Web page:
All About Nitrocellulose: Manufacturing Process, Applications

12th January 2024

What is nitrocellulose?

Nitrocellulose (NC), is a product of the nitration reaction of cellulose with nitric acid. Its chemical formula is (C6H7N3O11)n, representing an organic polymer. Nitrocellulose appears as white or slightly yellow cotton-like fibers, with no distinct odor. It is soluble in organic solvents such as acetone and benzene but insoluble in water. Nitrocellulose is characterized by its resistance to dilute acids, water, and weak alkalis, making it widely used in adhesive, ink, explosives, coatings, and medical applications.

Back then, nitrocellulose was primarily used for explosives found by Braconnet in France (1832), Schoenbein in Switzerland (1845), and Parkes in the United Kingdom (1855). After the First World War, nitrocellulose with nitrogen content ranging from 10.5% to 12.2% saw rapid application in the coatings industry, particularly in automotive finishes. Nitrocellulose became a traditional and effective film-forming material for automotive paints due to its durability, strength, solubility, and rapid release of solvents under external drying conditions.

How to make nitrocellulose

In industrial production, nitrocellulose is manufactured through two main processes: batch and continuous.

Batch Production Process:

In the batch production of nitrocellulose, defatted cotton serves as the raw material, undergoing acetification with a mixed acid solution of nitric and sulfuric acids. The reaction between nitric acid, sulfuric acid, and cellulose is carefully and precisely controlled until the desired degree of nitration is achieved. Sulfuric acid is used to remove the water formed during the reaction. The resulting product, known as nitrocellulose, undergoes processes such as acid removal, stabilization, pressurized de-viscosification, dehydration, and is then mixed with a wetting agent (ethanol, isopropanol, or butanol). The final product typically available in the market contains 70% nitrocellulose and 30% alcohol wetting agent.

Continuous Production Process:

In the continuous production process, cellulose (primarily refined wood pulp) and a mixed nitration acid are continuously and simultaneously conveyed to a container where cellulose nitration takes place. After nitration, both the nitrated cellulose and the used acid are continuously transported to a centrifuge designed for sectional separation. Nitrocellulose is intermittently transferred from one section to the next. In the initial section, most of the nitrated original acid is removed. In subsequent sections, the acid in nitrocellulose is replaced by weaker acids, and in the final section, it is replaced by water. The amount of acid replaced and the water used for washing are precisely adjusted to ensure that the concentration of the recovered acid leaving the system closely matches the concentration of the used acid.

Continuous Process for Manufacture of Nitrocellulose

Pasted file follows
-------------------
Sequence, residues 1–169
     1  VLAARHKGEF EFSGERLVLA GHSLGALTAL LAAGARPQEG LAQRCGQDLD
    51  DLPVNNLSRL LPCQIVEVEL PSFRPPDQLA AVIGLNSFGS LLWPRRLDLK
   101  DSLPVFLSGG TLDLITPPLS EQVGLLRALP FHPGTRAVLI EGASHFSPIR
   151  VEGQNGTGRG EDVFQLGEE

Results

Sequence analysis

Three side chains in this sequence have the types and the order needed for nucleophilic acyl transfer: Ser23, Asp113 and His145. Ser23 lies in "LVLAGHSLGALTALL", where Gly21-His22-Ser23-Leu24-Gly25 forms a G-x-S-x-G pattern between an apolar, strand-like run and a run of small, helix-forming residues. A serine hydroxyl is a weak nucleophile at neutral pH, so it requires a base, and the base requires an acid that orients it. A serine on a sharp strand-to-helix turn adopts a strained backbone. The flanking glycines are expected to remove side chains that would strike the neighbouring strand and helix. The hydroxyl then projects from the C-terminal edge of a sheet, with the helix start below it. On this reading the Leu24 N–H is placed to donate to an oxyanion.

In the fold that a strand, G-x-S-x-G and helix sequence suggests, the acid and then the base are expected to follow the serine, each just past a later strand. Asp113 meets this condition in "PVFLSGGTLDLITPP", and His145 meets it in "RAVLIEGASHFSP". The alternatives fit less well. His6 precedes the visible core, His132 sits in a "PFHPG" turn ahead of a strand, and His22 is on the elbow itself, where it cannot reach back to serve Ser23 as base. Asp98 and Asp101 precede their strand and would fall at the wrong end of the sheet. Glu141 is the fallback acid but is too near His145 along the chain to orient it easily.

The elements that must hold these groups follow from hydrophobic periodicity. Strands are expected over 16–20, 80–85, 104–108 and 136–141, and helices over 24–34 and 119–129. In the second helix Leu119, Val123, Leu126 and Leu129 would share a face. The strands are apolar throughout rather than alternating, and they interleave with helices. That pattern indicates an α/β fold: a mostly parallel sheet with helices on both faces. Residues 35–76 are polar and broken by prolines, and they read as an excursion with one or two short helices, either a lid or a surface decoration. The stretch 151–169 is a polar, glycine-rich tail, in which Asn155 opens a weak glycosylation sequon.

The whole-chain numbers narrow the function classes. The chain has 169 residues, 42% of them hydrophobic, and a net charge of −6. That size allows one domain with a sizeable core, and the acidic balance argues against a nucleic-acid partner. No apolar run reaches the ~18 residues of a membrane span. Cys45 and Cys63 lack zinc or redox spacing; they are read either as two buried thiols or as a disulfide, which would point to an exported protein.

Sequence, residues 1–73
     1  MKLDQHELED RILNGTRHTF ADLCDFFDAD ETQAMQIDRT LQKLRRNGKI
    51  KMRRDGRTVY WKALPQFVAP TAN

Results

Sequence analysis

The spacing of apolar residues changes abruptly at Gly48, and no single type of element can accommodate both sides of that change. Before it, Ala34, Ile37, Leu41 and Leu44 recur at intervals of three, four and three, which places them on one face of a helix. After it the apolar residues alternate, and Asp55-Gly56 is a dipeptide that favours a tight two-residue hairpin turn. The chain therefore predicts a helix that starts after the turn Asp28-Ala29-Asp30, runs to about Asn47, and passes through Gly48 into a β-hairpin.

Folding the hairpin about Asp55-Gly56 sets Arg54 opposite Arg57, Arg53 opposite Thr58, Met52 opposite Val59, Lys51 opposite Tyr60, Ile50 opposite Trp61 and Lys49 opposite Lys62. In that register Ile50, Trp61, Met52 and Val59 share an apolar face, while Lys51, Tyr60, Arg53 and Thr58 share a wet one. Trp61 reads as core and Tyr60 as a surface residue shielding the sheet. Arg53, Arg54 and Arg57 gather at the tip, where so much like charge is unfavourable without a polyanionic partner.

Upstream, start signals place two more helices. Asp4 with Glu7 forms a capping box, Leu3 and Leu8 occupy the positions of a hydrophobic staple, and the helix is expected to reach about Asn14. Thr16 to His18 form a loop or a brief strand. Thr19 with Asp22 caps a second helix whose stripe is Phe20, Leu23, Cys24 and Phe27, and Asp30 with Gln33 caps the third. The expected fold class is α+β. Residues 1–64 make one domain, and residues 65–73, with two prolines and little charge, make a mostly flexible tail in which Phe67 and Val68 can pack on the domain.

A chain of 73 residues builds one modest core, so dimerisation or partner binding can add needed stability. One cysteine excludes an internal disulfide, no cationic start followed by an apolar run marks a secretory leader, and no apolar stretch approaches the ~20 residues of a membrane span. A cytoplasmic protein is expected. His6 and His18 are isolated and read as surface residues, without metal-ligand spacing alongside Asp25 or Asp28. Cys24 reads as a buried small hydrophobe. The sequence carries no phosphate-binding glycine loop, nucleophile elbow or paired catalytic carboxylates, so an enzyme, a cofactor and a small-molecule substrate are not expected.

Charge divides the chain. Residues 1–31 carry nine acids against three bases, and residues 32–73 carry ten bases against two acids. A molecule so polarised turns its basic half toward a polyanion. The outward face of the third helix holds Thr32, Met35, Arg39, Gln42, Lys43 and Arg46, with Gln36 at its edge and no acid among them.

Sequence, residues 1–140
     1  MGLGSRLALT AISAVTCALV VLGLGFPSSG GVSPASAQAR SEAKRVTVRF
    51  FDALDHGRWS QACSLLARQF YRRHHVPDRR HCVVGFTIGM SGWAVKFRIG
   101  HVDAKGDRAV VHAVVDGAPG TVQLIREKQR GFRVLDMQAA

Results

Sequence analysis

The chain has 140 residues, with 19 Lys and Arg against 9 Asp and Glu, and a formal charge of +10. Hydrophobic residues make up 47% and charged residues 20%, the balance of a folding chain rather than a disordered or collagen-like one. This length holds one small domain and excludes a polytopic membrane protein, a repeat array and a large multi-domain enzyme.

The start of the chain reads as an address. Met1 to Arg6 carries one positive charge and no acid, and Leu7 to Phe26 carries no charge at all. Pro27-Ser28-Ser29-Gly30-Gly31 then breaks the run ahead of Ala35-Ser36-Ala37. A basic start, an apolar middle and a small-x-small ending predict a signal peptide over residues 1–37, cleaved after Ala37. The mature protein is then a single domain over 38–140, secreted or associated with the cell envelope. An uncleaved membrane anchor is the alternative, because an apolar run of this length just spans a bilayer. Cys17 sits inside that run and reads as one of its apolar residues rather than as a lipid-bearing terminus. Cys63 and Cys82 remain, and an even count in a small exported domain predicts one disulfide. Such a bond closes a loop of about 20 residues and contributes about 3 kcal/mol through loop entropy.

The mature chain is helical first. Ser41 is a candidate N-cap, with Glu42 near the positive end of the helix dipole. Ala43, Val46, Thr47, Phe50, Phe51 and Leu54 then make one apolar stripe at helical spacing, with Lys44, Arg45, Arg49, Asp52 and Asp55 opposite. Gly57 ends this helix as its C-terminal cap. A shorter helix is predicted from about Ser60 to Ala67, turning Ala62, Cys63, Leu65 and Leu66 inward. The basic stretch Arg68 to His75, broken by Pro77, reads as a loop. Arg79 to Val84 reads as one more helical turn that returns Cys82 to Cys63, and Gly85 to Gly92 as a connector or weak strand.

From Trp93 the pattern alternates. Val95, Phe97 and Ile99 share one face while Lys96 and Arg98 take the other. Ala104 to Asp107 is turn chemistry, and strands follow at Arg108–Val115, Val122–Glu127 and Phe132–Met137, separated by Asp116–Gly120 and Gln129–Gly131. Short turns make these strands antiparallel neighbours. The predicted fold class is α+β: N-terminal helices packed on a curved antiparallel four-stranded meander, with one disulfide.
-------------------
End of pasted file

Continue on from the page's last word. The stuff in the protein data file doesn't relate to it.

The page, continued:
Continuous Process for Manufacture of Nitrocellulose

What is nitrocellulose used for?

Nitrocellulose is primarily utilized in various industries, including adhesives, inks, explosives, coatings, and medicine. In the adhesive sector, nitrocellulose serves as a solvent-based adhesive and finds extensive application in the preparation of engineering plastics. In the realm of inks, nitrocellulose enhances the rapid drying characteristics of printing inks. In the explosives field, nitrocellulose's flammability makes it a key component in terminal products such as torpedoes, smokeless explosives, and naval mines.

In the coatings industry, nitrocellulose is employed in the production of cement coatings, decorative coatings, and metal coatings. In the medical field, nitrocellulose membranes are used to manufacture testing reagents for virus antigen detection.

Nitrocellulose vs Cellulose

Nitrocellulose and cellulose are related compounds, but they differ significantly in their chemical structures and properties due to a specific chemical modification process.

  • Cellulose:

Natural Polymer: Cellulose is a naturally occurring polymer found in the cell walls of plants. It is a complex carbohydrate made up of glucose units linked together by β-1,4-glycosidic bonds.

Chemical Structure: The chemical formula of cellulose is (C6H10O5)n, and it forms long, linear chains.

Properties: Cellulose is insoluble in water and many organic solvents. It is a major component of plant cell walls and provides structural support to plants. It is not flammable and does not undergo rapid combustion.

  • Nitrocellulose:

Chemical Modification: Nitrocellulose is derived from cellulose through a chemical modification process called nitration, where cellulose reacts with a mixture of nitric acid and sulfuric acid.

Chemical Structure: The chemical formula of nitrocellulose is (C6H7N3O11)n, reflecting the addition of nitro groups to the cellulose structure.

Properties: Nitrocellulose is highly flammable and can burn rapidly. It is soluble in organic solvents such as acetone and ethanol but insoluble in water. Nitrocellulose is commonly used in explosives, coatings, inks, and medical applications due to its unique properties.

In summary, cellulose is the natural, unmodified polymer found in plants, while nitrocellulose is a modified form of cellulose obtained through the nitration process. Nitrocellulose is notable for its increased solubility in certain solvents, flammability, and applications in various industrial fields.